Dave Bittner: [00:10:58:11] Time for one more message from our sponsor Cylance. You know, good policy is informed by sound technical understanding. The crypto wars aren't over. Cylance would like to share some thoughts from ICIT on the surveillance state and censorship and about the conundrum of censorship legislation. They have concluded that recent efforts by governments to weaken encryption introduce exploitable vulnerabilities into applications and developed nation state dragnet surveillance programs will do little to stymie the rise in terrorist attacks. These efforts will be a detriment to national security and only further exhaust law enforcement resources and obfuscate adversary communiqués within a massive cloud of noise. Back doors for the good guys mean back doors for the bad guys and it's next to impossible to keep the lone wolves from hearing the howling of the pack. Go to cylance.com and take a look at their blog for reflections on surveillance, censorship and security. That's cylance.com. And we thank Cylance for sponsoring our show.
Dave Bittner: [00:12:09:00] My guest today is William Saito. He's the special advisor to the cabinet office for the government of Japan, in charge of science and technology and information technology policy. The summer Olympics are coming to Japan in 2020 and Mr Saito has taken an active role in ensuring that Japan's cyber security posture is strong for the games and beyond.
William Saito: [00:12:29:07] In the last six months, I think the reality of the Olympics is really hitting us and obviously there are a lot of things where our Cyber Security Bureau has revamped the new laws so we coordinate, you know, various related agencies so that not only is the IT aspect but the OT aspects are covered synchronously. But the other thing that we're doing that we couldn't apply last year but is being executed out of the spring is HR development in the area of cyber. So we've allocated several millions of dollars, $25 million or thereabouts, depending on the exchange rates, to train cyber security professionals in this area, not just for the Olympics but, you know, as a country in general.
Dave Bittner: [00:13:15:04] Yeah, I, I saw in an article that you were quoted, you were talking about how when it comes to Japan that it's not really a technical issue, that there are some human factors here.
William Saito: [00:13:24:08] Yeah, and I think that's true for a lot of countries. For a country like Japan, we have a lot of great programmers. We have people that, you know, can quote, unquote "hack things" and take things apart and are curious there. The issue that I see in many countries, but especially highlighted in countries like Japan, is the ability of the technical folks to communicate to the upper leadership and management types, and then vice versa. The unfortunate part in a country like Japan is lots of technical issues like cyber they try to pawn off and pretend that they don't know about because their studies may not have included anything in IT assigned to it. So I'm finding that it's important to really cross-pollinate between the sciences, aka the such as the SEM people, and the humanities, aka the management leadership people, so that they can talk to each other.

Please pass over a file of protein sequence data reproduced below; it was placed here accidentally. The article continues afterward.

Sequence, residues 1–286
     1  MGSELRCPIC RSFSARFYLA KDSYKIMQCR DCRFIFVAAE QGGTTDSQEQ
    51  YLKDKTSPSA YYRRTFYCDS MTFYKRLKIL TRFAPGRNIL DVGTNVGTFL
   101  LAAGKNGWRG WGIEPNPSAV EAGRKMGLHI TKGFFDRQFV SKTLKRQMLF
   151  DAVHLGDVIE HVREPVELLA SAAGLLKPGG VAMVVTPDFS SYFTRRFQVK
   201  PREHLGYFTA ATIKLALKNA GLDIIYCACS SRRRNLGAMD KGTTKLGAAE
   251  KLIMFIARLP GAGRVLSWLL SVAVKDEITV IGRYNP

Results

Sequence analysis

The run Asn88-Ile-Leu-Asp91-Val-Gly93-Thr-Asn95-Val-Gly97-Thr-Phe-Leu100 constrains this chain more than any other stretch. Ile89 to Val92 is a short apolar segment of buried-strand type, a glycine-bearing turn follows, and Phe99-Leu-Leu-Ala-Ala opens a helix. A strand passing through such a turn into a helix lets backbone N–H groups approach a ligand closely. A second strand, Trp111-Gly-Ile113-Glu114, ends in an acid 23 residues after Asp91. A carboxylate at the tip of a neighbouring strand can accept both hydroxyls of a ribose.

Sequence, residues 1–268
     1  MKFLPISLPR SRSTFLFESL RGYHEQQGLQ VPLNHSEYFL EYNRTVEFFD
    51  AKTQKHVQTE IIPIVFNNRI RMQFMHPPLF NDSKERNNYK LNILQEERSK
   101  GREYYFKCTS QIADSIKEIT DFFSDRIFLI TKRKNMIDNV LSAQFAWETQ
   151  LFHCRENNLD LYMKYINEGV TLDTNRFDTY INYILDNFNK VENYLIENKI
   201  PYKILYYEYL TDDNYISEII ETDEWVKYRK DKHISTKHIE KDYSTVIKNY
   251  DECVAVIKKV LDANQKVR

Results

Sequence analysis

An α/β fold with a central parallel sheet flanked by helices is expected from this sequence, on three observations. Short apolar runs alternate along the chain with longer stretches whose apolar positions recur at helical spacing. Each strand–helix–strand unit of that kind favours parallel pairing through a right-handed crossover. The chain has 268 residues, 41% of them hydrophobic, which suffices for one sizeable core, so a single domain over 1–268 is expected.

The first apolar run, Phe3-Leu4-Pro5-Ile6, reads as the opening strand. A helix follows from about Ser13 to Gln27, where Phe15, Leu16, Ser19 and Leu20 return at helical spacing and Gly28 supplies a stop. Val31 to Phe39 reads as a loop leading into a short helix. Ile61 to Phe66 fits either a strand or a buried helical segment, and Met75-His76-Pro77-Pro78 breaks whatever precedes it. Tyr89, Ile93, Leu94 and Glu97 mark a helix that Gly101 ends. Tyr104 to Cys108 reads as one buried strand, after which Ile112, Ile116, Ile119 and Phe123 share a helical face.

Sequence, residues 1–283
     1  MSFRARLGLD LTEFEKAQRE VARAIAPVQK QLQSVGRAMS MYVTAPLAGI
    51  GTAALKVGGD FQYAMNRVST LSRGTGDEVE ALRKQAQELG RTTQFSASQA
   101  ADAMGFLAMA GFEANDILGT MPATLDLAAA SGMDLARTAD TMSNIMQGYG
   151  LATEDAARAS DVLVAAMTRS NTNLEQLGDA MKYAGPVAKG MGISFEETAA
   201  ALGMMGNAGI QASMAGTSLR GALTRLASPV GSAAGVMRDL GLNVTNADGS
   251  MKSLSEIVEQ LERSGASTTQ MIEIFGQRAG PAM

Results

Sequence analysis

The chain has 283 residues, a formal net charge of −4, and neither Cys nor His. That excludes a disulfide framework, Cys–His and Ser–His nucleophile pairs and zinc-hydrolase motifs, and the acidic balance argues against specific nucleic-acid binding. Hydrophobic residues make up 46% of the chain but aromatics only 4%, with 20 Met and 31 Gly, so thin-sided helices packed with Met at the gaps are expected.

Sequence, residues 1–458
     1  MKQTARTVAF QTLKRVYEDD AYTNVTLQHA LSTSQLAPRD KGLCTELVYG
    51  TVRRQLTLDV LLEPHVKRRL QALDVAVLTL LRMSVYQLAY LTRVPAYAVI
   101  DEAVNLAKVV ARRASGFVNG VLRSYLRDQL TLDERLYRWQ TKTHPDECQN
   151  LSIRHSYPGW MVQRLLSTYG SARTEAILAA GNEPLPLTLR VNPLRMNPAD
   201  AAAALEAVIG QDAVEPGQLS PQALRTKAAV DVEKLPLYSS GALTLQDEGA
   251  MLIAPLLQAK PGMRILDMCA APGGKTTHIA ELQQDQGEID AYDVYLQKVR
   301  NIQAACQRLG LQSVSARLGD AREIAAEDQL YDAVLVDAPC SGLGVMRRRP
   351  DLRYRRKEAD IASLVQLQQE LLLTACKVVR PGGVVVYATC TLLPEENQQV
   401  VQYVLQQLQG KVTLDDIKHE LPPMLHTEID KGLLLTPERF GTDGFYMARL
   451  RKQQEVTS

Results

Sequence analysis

Dave Bittner: [00:14:15:17] So they've established the Industrial Cyber Security Center of Excellence. Tell us about that.
William Saito: [00:14:22:04] Right, so obviously we, and most countries, are lacking several thousands, if not tens of thousands, of cyber security professionals, and they don't form overnight. We have to pick and choose and the area that we're focusing on, with emphasis on the Olympics, is the critical infrastructure that is either related or dependent on cyber security. Every country defines critical infrastructure differently, but you can assume you have the electrical industry, the finance industry, and so on. The professionals there require to not only maintain the integrity of the system, to be able to respond correctly and to put a defensive posture in place that management can agree on.